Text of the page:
‘Gifts of Peace’ third program in Quaker Lecture Series

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WILMINGTON — Traveling to Japan to repatriate an atomic-bombed cross with a Catholic church in Nagasaki was what Campus Minister Nancy McCormick called “a life-giving” experience for herself and four other Wilmington College travelers in August 2019.

The group will speak about their remarkable journey Thursday, Dec. 17 in an Office of Campus Ministry Quaker Lecture, titled “Gifts of Peace,” at 7 p.m. and available virtually on the College’s main Facebook page.

Sharing their stories will be Dr. Tanya Maus, Emma Marks, Mikaela Prescott and Julio Olivarez. McCormick will host the program

Maus, who came to WC in 2015, serves as director of the Peace Resource Center and Meriam R. Hare Quaker Heritage Center at the College. The holder of a Ph.D. from the University of Chicago, Maus has an extensive background in Japanese culture and initiated the project of returning the cross with its rightful owners at Nagasaki’s Urakami Cathedral. The cross was displayed at the Peace Resource Center from 1982 to the summer of 2019.

Prescott is a senior majoring in history who plans to further her education in public history and Native American studies. She has worked in the Peace Resource Center for several years and assisted with the distribution of 108 handmade “friendship dolls” while the group was in Japan.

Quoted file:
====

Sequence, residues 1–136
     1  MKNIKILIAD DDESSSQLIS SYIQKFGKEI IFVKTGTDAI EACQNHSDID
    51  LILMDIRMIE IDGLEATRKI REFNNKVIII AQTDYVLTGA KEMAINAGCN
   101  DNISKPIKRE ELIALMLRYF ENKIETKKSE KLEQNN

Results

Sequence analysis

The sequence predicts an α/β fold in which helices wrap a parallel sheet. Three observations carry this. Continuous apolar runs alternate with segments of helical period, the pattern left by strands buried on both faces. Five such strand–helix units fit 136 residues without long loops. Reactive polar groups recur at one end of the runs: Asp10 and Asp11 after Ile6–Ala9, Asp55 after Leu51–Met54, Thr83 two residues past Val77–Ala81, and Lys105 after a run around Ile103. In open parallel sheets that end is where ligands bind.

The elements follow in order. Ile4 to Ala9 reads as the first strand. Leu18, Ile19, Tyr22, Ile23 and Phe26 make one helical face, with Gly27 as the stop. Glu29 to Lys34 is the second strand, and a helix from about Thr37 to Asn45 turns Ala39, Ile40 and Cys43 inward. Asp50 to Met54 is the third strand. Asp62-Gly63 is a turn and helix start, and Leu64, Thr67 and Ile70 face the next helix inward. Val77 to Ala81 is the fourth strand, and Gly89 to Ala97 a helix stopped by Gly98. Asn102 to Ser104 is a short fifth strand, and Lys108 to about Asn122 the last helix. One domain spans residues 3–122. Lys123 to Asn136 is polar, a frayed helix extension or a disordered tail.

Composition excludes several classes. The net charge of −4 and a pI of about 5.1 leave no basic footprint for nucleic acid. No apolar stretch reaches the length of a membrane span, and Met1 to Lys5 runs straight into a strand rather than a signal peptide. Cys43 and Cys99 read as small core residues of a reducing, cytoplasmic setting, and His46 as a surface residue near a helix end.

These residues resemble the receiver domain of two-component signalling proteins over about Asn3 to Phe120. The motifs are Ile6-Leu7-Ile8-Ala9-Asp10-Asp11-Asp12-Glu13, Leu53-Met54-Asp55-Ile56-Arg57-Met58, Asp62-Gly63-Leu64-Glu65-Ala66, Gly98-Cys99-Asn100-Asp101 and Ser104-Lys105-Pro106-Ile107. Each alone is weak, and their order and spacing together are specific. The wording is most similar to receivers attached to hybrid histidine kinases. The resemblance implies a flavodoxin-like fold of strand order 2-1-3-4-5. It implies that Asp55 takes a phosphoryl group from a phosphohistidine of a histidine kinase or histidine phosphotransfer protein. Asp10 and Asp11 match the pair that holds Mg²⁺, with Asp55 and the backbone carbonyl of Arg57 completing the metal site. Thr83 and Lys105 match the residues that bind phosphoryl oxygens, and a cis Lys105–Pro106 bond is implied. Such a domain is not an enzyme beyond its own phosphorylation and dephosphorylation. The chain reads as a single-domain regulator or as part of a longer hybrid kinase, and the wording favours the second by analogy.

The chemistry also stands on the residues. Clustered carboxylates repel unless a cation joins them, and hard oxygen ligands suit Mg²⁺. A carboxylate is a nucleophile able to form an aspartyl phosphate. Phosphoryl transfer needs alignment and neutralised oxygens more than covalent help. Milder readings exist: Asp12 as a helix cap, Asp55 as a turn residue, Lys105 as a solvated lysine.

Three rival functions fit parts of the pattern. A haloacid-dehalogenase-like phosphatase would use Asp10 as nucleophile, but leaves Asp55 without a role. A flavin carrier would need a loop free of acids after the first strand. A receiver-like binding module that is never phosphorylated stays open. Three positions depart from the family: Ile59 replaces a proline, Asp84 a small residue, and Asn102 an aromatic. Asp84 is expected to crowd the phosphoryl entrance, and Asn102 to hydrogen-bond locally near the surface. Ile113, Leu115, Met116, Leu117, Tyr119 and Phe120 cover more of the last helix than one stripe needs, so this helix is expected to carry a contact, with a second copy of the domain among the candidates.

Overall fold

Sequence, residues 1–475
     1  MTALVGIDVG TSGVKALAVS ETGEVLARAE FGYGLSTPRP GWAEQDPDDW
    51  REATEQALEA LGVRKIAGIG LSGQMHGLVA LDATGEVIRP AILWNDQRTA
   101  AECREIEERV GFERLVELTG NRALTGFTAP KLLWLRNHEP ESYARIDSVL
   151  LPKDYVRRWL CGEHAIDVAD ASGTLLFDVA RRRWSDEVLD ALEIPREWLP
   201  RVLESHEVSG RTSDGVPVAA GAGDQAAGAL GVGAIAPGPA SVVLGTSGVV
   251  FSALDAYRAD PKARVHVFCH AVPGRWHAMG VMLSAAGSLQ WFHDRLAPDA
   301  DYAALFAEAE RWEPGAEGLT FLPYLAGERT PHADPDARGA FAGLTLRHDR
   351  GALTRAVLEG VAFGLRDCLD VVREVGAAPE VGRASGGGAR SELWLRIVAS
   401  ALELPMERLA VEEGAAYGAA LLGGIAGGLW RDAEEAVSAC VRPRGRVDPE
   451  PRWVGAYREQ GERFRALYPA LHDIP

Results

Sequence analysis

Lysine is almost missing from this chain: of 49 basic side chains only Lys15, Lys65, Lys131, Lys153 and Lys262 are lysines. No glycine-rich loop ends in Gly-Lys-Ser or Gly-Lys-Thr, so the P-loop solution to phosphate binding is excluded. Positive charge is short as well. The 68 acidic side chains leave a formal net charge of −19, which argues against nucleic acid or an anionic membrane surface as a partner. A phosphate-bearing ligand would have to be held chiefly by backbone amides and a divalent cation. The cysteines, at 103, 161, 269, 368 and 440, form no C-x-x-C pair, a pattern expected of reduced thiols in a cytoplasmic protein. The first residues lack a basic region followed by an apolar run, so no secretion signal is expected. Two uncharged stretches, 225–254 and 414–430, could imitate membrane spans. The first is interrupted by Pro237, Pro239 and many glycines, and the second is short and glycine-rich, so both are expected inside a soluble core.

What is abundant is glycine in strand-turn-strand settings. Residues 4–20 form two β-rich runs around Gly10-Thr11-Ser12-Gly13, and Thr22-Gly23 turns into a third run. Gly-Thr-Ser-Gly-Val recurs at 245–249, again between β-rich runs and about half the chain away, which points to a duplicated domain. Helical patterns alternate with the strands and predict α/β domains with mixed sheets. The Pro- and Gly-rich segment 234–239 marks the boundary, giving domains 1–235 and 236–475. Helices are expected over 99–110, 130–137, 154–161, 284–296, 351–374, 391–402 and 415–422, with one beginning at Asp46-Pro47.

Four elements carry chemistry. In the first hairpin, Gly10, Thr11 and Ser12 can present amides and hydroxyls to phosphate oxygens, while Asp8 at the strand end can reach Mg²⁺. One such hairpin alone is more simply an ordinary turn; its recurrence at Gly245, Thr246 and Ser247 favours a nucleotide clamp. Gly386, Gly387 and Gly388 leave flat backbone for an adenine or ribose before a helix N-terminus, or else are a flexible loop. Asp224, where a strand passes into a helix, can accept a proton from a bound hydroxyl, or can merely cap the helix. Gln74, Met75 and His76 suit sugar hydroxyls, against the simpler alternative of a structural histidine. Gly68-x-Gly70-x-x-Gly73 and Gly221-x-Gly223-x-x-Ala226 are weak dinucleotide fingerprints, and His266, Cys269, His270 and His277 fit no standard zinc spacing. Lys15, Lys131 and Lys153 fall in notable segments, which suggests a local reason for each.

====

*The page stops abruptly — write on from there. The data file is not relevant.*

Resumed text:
“The trip to Japan was memorable to me in the way it affirmed that history can remain impactful on an interpersonal level even retrospectively,” Prescott said. “This trip made me open my heart to the pain of those around me, and it made me realize my own ambitions to continue to strive to do the right thing, even when it is also the hard thing.”

Marks and Olivarez had been in Japan all summer when the other three joined them in August 2019. Marks, who graduated last May, and Olivarez, who will graduate this spring, were interns with the Rural Asian Institute, where they worked on an organic farm and helped teach farmers and leaders from developing countries some of the intricacies and sustainable practices related to growing rice and wheat.

Marks, who majored in agriculture and political science with a minor in sustainability, also had a hands-on learning experience working on an organic goat farm in the Netherlands while at WC. She is pursuing her interest in the field with an apprenticeship at Amber Waves Organic Farm in Amagansett, NY.

Olivarez, who is majoring in mathematics, described his summer in Japan as a “life changing experience” into organic agriculture, sustainability and community.

“I worked, ate and lived alongside a host of rural leaders from around the globe who learned organic techniques and skills that they took back and implemented within their own communities,” he said. “I met these inspiring leaders that I now have the honor of calling my friends.”


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